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  1. The second essential aspect is that you must create material that is to be interacted with in order to facilitate play. It is difficult and near impossible to use content that is completely created on the fly during gameplay. Creating material prior not only allows you to have a intuite understanding of what interactions can occur but also allow you to better communicate to the players what they may interact with. Fortunately, there is a great deal of meta-content previously created for Tabletop RPG's which allows for material which can easily result in emergent narrative through gameplay. The fundemental construct of such meta-content is a dungeon which is an explorable composite of dynamic elements which can be interacted with by the abstraction of resource management. While that sentence may seem confusing a breakdown of those word may be insightful, especially so using the demon and three doors presented in the 1st excercise.
  2. explorable composite: This is the content that is engaged with in a tabletop RPG, both the content in plain sight and the occult content which is revealed by feedback.
  3. In our previous excercise this is the first room, the three doors, and the contents behind them
  4. dynamic elements: This refers to elements found within the explorable composite which may change through interaction with them. In our previous excercise this is the choice forced by the demon.
  5. which can be interacted with: This refers to things which may change through the meaningful choices made by the players. In our previous excercise this is your hunger being abated or your skin being set on fire.
  6. the abstraction of resource management: This refers to the game elements within the Tabletop RPG. In our previous excercise this is the single choice you are allowed to make by the result possibly killing you and preventing further door openings.
  7.  
  8. In a Tabletop RPG, the last word refers to the fact that there are elements of chance. These are usually abstractions to things which are complex in real life, but for the sake of a game are reduced to a dice roll. These dice rolls are goverened by mechanics within the game system and are essentially wagering resources you characters possess in order to gain new ones. These resources can be a variety of things, in our previous excercise this was the single choice you make. In a game, these resources are the mechanical aspects of your character used by the game system. The most common resource is a Tabletop RPG is HP or hitpoints, these represent your characters state of not death. The players in an RPG fundementally gamble their resources to achieve a goal, and in many that gamble is their hit-points in combat. These resources can be a wide range of things like fuel for a spaceship or batteries in a flashlight. These resources are diminished as the characters make more choices and lose gambles, but may return through means like resupply or rest. While it is possible to track the fuel in a spaceship near realistically, this often presents limitations on gameplay and is instead abstracted to be simpler. This abstraction allows the facilitation of play. As resources are lost the character's ability to interact with the dynamic elements is diminished, by both a lessened amount of resources to gamble and by the fail state of the game when their resources are all lost.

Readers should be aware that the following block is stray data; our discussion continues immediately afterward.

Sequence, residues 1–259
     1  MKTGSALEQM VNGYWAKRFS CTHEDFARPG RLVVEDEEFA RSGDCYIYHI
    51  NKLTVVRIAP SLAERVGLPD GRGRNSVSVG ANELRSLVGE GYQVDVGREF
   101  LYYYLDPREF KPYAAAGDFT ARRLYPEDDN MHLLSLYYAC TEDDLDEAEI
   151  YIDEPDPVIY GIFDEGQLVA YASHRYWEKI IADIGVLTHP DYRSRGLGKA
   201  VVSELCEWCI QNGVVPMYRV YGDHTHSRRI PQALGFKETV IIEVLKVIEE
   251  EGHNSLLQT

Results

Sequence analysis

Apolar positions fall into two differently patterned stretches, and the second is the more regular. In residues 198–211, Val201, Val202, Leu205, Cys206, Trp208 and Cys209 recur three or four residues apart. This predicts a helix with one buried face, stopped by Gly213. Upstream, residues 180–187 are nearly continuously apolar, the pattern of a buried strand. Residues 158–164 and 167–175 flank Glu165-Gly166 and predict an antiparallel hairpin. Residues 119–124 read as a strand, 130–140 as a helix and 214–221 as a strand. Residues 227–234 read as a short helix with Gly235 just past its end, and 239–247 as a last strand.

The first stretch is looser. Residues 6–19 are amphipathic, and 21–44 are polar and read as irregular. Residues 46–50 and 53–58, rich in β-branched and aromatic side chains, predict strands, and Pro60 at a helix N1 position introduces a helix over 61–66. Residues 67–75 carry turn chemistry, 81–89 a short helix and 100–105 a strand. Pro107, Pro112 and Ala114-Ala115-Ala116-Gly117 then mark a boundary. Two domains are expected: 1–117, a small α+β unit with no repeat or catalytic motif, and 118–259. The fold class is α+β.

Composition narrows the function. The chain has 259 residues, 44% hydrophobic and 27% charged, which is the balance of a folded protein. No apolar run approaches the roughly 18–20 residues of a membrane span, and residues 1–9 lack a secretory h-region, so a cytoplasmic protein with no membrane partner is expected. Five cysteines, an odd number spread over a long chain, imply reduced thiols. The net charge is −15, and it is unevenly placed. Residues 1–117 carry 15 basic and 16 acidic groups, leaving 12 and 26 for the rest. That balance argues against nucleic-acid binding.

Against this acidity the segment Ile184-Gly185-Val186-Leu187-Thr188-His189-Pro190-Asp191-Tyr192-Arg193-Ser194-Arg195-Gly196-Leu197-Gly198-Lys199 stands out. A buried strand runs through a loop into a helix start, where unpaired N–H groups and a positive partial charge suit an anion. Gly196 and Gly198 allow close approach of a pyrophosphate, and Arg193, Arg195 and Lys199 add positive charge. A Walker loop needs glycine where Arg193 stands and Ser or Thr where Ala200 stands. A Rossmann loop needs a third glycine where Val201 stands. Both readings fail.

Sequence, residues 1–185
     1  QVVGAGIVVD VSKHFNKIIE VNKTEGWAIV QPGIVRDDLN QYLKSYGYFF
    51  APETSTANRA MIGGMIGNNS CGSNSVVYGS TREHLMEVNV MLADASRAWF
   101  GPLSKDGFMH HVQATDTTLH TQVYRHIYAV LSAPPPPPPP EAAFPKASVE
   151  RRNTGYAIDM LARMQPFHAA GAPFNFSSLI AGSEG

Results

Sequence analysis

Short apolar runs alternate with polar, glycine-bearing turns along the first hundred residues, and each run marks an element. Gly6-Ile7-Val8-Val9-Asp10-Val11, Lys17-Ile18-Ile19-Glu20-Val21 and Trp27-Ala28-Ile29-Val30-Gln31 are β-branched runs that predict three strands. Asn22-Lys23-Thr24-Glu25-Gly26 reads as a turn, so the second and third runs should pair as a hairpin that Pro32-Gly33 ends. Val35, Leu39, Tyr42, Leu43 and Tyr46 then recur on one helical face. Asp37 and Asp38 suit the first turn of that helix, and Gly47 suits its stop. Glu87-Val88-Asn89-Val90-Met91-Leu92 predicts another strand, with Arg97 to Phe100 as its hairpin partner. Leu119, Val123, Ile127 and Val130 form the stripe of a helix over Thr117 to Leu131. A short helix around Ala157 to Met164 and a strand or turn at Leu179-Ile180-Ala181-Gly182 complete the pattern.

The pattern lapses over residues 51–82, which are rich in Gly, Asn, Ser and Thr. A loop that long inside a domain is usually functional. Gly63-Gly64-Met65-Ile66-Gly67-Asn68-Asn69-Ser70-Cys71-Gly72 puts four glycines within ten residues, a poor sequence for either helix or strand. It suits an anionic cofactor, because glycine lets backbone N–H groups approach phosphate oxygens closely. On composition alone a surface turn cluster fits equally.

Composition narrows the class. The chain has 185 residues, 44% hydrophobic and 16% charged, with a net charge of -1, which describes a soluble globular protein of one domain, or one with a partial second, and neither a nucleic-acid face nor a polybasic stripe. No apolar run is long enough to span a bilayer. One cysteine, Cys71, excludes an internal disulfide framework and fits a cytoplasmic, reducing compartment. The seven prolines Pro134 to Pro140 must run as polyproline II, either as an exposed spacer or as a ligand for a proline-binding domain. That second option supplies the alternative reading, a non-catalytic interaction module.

9.  
  10. Dungeons have been a staple in Tabletop RPG's the first of which were designed with them as the central locus. In these games these were literal dungeons, dark and dangerous places beneath the earth filled with treasure. Players took the role (hence role-playing) of treasure hunters seeking to plunder the depths who would enter these dungeons. The most well known of these early RPG's published even bears their name "Dungeons and Dragons". These RPG's were designed around the idea of dungeon exploration and the feedback loop within them is designed to mechanically reinforce the exploration of the dungeon. Analysis of Dungeons and Dragons, in our study the 1977 Basic edition, would then allow an understanding of the feedback loops and mechanics of dungeons.
  11.  
  12. Excercise 2:
  13. We have established that 1977 Basic Dungeons and Dragons was about tomb raiders weilding torchlight who would enter dark places full of traps, risking life and limb, in an attempt to plunder their contents. From the previous sentence, please identify the following in the space below: Role assumed by Players, Resource gambled, Success state, and Fail state
  14. *Blank Space*
  15. -Grading-
  16. Failing: Two or more elements misidentified
  17. Barely Competent: Only one element misidentified
  18. Satisfactory: Correct identification of all elements
  19. -Answers-
  20. Role assumed by Players: Tomb Raiders
  21. Resource gambled: Life and Limb
  22. Success state: Possessing Treasure
  23. Fail state: Death and Mutilation
  24.  
  25. Excercise 3:
  26. Recall Excercise 1 where under the servitude of the demon, you blind friend is forced to pick a door. Please identify the following in the space below: Resource gambled, Success state, and Fail state
  27. *Blank Space*
  28. -Grading-
  29. Failing: Two or more elements misidentified
  30. Barely Competent: Only one element misidentified
  31. Satisfactory: Correct identification of all elements
  32. -Answers-
  33. Resource gambled: Life
  34. Success state: Delicious Cake
  35. Fail state: Burning Death
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